I want to hold it in my heart forever. 

One day, when I’m well into menopause, when my babies are having babies, it will be so meaningful to have these images to harken back to the moment it all began. 


Christina Ries is a freelance writer who lives with her husband and three young children in Inver Grove Heights. To see more pictures of Archie, now 6 months old, visit her blog at mnparent.com/charmed. Meredith Westin is Minneapolis-based birth photographer and doula. Learn more at meredithwestin.com.


10 things I didn’t know about birth photography

After having such an ideal birth-photography experience, I’m now quick to recommend birth photography to my pregnant friends. Surprisingly few of the moms-to-be I’ve mentioned it to were even considering it. Here’s what I discovered:

1. It’s prudent to confirm that your hospital is OK with birth photography and/or to note the presence of a photographer in your birth plan. Most medical professionals are fine with it, but it doesn’t hurt to ask. The team at United Hospital in St. Paul had no problem with it.

2. Knowing we were having the birth documented made me a bit more mindful of my appearance when labor felt imminent. There was no Kim Kardashian glam squad to enlist, but I found myself pulling out my flat iron and mascara wand during several false alarms. I appreciated the impetus to refresh during those difficult final days, even though I felt like a beached whale with lipstick!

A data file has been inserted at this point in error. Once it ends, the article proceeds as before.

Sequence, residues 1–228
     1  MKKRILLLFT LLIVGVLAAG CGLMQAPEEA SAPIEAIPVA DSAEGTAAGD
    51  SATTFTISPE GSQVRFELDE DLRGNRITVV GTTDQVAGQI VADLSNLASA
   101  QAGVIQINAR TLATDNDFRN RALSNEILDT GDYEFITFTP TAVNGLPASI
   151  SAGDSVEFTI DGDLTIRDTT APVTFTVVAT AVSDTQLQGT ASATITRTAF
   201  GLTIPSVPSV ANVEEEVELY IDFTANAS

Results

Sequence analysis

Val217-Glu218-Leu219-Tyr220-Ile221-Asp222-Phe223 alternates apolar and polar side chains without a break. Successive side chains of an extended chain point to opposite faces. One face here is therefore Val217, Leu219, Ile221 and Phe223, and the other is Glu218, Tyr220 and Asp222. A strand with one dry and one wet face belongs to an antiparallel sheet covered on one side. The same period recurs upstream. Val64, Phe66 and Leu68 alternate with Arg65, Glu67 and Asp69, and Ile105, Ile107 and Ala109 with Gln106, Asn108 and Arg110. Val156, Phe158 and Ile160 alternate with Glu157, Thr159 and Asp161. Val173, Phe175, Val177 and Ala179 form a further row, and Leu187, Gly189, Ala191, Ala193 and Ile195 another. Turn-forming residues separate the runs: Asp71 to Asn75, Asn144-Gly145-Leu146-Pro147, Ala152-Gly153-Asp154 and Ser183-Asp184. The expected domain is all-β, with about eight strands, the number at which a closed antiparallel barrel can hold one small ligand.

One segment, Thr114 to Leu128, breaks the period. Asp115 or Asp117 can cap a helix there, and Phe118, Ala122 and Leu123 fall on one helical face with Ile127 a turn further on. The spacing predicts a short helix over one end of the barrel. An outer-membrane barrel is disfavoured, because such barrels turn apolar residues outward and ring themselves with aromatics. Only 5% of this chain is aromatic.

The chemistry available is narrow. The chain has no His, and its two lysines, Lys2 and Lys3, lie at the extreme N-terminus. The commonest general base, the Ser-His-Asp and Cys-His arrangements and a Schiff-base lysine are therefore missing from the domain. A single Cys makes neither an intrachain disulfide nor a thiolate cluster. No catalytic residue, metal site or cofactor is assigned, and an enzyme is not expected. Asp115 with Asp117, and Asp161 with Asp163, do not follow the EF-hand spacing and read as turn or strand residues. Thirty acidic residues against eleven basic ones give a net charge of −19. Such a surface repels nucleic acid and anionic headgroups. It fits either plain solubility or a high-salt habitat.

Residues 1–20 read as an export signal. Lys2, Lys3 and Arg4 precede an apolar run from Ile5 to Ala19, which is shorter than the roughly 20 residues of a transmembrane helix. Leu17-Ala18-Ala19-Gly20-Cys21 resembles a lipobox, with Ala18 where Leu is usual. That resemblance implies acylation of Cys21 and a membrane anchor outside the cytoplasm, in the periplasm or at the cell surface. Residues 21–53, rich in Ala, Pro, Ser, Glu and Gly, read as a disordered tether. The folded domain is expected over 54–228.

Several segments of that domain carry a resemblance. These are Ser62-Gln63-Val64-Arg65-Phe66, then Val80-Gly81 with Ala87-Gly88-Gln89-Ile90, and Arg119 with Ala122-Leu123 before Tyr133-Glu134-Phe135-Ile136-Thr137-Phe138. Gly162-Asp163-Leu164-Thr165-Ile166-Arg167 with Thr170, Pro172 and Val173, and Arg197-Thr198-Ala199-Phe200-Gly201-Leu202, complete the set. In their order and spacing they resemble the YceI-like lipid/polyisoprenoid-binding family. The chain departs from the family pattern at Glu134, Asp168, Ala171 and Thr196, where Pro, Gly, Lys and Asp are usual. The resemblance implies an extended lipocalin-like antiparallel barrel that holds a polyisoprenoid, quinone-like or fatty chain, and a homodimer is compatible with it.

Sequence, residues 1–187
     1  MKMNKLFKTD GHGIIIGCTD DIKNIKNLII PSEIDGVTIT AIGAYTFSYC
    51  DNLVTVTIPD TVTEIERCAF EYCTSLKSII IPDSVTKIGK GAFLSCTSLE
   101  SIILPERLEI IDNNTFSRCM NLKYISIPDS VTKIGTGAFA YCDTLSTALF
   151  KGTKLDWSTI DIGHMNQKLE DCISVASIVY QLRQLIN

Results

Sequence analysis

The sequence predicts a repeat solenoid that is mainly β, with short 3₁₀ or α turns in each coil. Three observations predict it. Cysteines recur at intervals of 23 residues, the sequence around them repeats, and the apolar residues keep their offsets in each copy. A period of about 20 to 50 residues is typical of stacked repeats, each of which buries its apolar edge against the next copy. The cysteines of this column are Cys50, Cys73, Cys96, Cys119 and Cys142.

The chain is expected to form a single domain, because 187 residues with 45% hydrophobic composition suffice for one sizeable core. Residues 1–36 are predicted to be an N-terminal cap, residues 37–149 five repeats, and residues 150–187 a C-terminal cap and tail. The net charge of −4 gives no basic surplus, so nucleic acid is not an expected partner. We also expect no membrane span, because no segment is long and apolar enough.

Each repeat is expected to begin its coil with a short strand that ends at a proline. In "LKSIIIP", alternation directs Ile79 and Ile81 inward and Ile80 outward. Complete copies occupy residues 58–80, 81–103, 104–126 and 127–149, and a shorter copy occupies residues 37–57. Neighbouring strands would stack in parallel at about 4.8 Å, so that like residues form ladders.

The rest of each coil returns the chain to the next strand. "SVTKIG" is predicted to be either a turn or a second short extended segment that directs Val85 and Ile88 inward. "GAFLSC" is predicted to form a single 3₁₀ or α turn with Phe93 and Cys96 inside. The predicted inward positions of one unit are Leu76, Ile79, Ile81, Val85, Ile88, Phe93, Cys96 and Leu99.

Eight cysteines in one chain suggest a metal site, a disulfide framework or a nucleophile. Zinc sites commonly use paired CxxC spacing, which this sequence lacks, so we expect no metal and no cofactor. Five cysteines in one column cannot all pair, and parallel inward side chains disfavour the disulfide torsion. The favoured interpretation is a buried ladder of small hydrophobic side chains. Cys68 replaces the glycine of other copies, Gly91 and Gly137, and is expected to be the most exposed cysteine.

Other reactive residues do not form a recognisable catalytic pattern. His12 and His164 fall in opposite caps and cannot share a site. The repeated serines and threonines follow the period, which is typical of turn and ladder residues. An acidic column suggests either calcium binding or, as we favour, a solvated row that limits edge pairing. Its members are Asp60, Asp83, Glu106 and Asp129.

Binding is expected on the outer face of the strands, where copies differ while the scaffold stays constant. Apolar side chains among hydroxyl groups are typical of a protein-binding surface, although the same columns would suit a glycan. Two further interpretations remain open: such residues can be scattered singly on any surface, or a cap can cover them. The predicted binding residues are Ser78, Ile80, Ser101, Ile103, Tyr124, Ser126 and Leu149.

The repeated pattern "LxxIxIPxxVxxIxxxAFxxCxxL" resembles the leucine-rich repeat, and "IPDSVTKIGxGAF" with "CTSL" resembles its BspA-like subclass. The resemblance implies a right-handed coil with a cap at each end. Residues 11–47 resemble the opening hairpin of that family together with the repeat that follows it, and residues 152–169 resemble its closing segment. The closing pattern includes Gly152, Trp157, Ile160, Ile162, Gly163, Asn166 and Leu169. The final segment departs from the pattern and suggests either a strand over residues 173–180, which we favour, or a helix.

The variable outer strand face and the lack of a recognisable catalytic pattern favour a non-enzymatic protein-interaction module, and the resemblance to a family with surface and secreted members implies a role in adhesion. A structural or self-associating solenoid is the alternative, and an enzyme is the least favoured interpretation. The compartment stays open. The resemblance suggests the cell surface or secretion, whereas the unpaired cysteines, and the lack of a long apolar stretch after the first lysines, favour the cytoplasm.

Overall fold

3. Having a birth photographer present adds a layer of support to the labor experience, akin to having a doula in your room, advocating for you. (I’ve hired a doula before.) Somehow Meredith managed to be transparent — I wasn’t aware she was there — while also lending a comforting presence. She seemed to have perfect instincts on when to get up close and when to step back. 

4. A hired photographer’s presence relieves the husband (or partner) to do what he’s there for — supporting the woman in labor. Done right, this is an all-consuming job. Asking him to grab a camera and document Baby’s arrival takes him out of the moment, adding a regrettable distance and unfair burden. 

5. The black-and-white that birth photographers use conceals a lot. It’s not gross or bloody. It’s artistic and photojournalistic. 

6. A skilled birth photographer can work small miracles with angles, revealing the right parts and covering others. I look at Meredith’s photos and wonder: How did she do that? The fluorescent lighting in a hospital room is almost impossible for an amateur to bend to his or her will. Meredith’s photos made the room look positively celestial.

7. Birth photography preserves all the details that can be so readily wiped away from memory — the clock, the whiteboard, the heart-rate monitor, the scale, the crib card. 

8. Documenting the intimate moments your child’s birth doesn’t automatically make you an over-sharer. If you publish one modest, artistic black-and-white to Instagram, I guarantee it’ll be a huge hit — probably your most popular post of the year. But you also can keep all the other images — private, just for you. 

9. You’ll cherish the “first glimpse” photos, as Meredith calls them, of the baby’s first visitors — a new grandparent, a newly promoted big sibling, a dear friend — a big part of your child’s birth story.

10. These images can function as a birth announcement. Meredith, who is known for her speedy turnaround, provided a sneak peek of our session within 24 hours of the birth. She said her clients often remark on what an awesome experience it is to gaze at the images so shortly after delivery — still in the hospital, exhausted and elated. I texted our preview link to various friends and relatives, which felt like the coolest possible way to break the news and also spared me the effort of tapping out the FAQs in between nursings, naps and nurse visits.